A possible future for news


Adam Wren has wanted to write news stories since high school in Ohio.

He was coming of age when the bottom fell out for print news publishing, especially newspapers and magazines. Aspiring news reporters were wondering whether they would become like struggling musicians.

Wren may be a role model for his generation of how to write news and stay out of poverty, even as so many jobs have disappeared in newspapers and magazine publishing.

Wren is not just a story writer. He has entrepreneurial instincts. Go back 150 years, and he likely would have started his own newspaper. He’s always thinking about the next Indiana political story, about Democratic presidential candidate Pete Buttigieg or Vice President Mike Pence. He’s also wondering how to sell his growing political knowledge to one more news outlet.

We talked the other day at Starbucks, and he named several current employers: Indianapolis Monthly magazine; Politico; the Daily Beast.

A few minutes later in the conversation, he remembered that he’ll being doing a news podcast for Slate. He’s also taught adjunct journalism classes at Butler and IUPUI. He also has a day job as an editor at a marketing firm. So he’s really what we used to call a free-lancer, and he is making a good splash at it. He looks at journalism the way his grandfather saw farming — he had full-time job and did farming on the side for the love of it. Wren has a master’s degree from a top j-school, Northwestern, but has not been able to find that elusive full-time job.

Yet he’s seeing plenty of demand for his services. He’s become the go-to free-lance journalist to cover the unusual amounts of Hoosier news and influence in national politics.

He’s been reporting in depth on both Mike Pence and Pete Buttigieg, who has jumped to the top tier in the Democratic race to challenge Donald Trump.

Indiana keeps making headlines beyond the presidential race. Sen. Todd Young is running the Senate Republican campaign for 2020. U.S. Rep. Jim Banks of the Fort Wayne area is on a fast track to rise in House Republican leadership and could be a future GOP Senate candidate.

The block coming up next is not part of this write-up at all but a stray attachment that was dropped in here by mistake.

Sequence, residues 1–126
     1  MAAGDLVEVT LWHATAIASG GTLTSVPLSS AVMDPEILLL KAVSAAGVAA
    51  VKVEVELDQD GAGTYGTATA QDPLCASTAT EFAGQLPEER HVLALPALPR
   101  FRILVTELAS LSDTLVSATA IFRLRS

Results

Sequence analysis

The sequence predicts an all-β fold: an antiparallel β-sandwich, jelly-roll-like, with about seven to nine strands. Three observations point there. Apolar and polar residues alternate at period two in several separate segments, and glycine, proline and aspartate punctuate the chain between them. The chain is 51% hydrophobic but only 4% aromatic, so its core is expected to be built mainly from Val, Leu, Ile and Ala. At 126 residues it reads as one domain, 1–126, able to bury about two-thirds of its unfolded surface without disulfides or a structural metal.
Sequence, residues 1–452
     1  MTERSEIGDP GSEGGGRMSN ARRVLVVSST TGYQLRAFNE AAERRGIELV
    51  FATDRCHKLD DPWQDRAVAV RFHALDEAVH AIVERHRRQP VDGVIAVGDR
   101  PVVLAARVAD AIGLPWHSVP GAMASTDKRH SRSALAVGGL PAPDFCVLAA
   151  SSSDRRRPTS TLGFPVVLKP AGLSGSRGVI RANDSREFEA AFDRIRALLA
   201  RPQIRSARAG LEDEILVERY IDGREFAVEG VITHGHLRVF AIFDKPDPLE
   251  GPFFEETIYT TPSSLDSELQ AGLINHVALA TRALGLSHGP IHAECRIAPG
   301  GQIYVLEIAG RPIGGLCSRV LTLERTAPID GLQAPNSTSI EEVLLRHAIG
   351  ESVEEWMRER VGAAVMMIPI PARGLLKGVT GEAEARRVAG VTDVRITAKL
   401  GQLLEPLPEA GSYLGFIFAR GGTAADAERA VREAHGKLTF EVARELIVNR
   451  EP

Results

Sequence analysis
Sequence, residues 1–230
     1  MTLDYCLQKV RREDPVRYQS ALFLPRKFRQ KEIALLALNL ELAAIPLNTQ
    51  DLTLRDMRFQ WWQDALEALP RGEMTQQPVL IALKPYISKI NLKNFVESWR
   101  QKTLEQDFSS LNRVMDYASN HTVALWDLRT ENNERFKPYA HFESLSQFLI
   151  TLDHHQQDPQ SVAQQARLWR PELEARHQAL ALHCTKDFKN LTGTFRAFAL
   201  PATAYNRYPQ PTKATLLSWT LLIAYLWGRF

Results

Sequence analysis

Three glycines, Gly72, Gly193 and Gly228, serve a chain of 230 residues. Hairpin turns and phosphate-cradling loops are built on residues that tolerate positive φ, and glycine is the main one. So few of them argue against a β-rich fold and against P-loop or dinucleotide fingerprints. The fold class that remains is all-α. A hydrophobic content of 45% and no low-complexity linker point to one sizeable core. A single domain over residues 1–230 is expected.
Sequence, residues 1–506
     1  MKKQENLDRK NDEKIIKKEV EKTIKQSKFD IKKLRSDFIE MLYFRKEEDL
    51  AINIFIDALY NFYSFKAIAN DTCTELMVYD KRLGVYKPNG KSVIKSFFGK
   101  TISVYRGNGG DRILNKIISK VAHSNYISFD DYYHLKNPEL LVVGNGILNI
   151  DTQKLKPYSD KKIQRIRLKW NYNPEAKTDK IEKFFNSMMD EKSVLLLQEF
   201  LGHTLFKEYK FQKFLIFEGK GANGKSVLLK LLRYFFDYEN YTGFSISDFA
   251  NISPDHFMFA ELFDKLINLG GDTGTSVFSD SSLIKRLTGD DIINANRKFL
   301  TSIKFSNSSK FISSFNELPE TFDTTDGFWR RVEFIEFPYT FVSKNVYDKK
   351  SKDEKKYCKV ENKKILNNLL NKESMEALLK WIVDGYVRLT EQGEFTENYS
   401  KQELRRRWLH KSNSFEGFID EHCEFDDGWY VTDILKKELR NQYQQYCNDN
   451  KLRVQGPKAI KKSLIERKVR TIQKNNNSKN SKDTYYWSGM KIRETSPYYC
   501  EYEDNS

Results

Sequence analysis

Dan Coats has been director of National Intelligence. Former Eli Lilly boss Alex Azar is secretary of Health and Human Services. Seema Verma is administrator of the Centers for Medicare and Medicaid Services, having served under then Gov. Mitch Daniels, then Pence.

It’s been more than century since Indiana was so influential in national politics. Between the Civil War to World War I the state often had at least one person running on a major party ticket for president or vice president. Indiana was an important swing state in presidential elections and became the home of vice presidents.

Wren sells his services and reporting depth to coastal media outlets who have to look on a map to find South Bend or Fort Wayne.

“This is a unique moment for explaining the Midwest to the coasts,” he says. “The Midwest needs a translator.”

From a presidential handicapping standpoint, Vigo County (Terre Haute) usually votes for whoever will win the presidency, so Wren has another story angle there.

Wren works on news scoops as well as long-form magazine stories, or features and profiles. Sometimes he breaks a scoop to subscribers of his daily blog — Importantville, which is what Trump named South Bend back in 2016.

His wife is a schoolteacher, and they have a baby daughter, so they face the challenge of work-family balance, especially when Wren is traveling for political coverage.

“If you really want to eat, you have to be creative about your streams of income,” he notes.

Long term he has two aspirations — to develop a serious news website for the state, likely a nonprofit. He also wants to be a voice for the Midwest for the big media companies on the east and west coast. Big shifts in the media landscape work in his favor, with their smaller staffs now and lots of turnover.

He also tries not to take sides in political battles, which are more intense now with the bigger divide between Republicans and Democrats.

“I’m nonpartisan but not neutral,” he says. “As a magazine journalist you have a voice and can draw conclusions based on reporting. Some readers think I am right of center and others think I am left of center. The biggest compliment from readers is that they can’t figure what my ideology is.”

He also tries to have a sense of humor, but not all readers appreciate it. He did a reverse parachute, mimicking how east coast reporters sometimes come to Indiana to find out what it means to be conservative. Wren went to Brooklyn and Washington D.C. to look at the “blue bubble” and ask voters if they regretted being for Hillary in 2016.

In a Washington restaurant the management politely kicked him out. He was just having some fun in the Washington Times, showing how big media types can come across in the Midwest.

But Esquire writer Charles Pierce gave Wren a “reverse-Pulitzer,” calling Wren’s story a “trash avalanche.”

As Wren tries to figure out the new journalism, he is following a role model of another era, Kansas newspaper editor William Allen White. Starting out as editor of the Emporia Gazette, White also had to put food on the table and started writing articles for the east coast big media in the late 1800s. He developed a following as a free-lancer for lots of publications, while living in Emporia and traveling.

Presidential candidates stopped in to see him, and he wound up writing books, including an autobiography that offers some of the best first-person history and character sketches in American politics, 1880-1928.

A possible future for news appeared first on TheStatehouseFile.com.

Russ Pulliam is associate editor of The Indianapolis Star. Send comments to [email protected].

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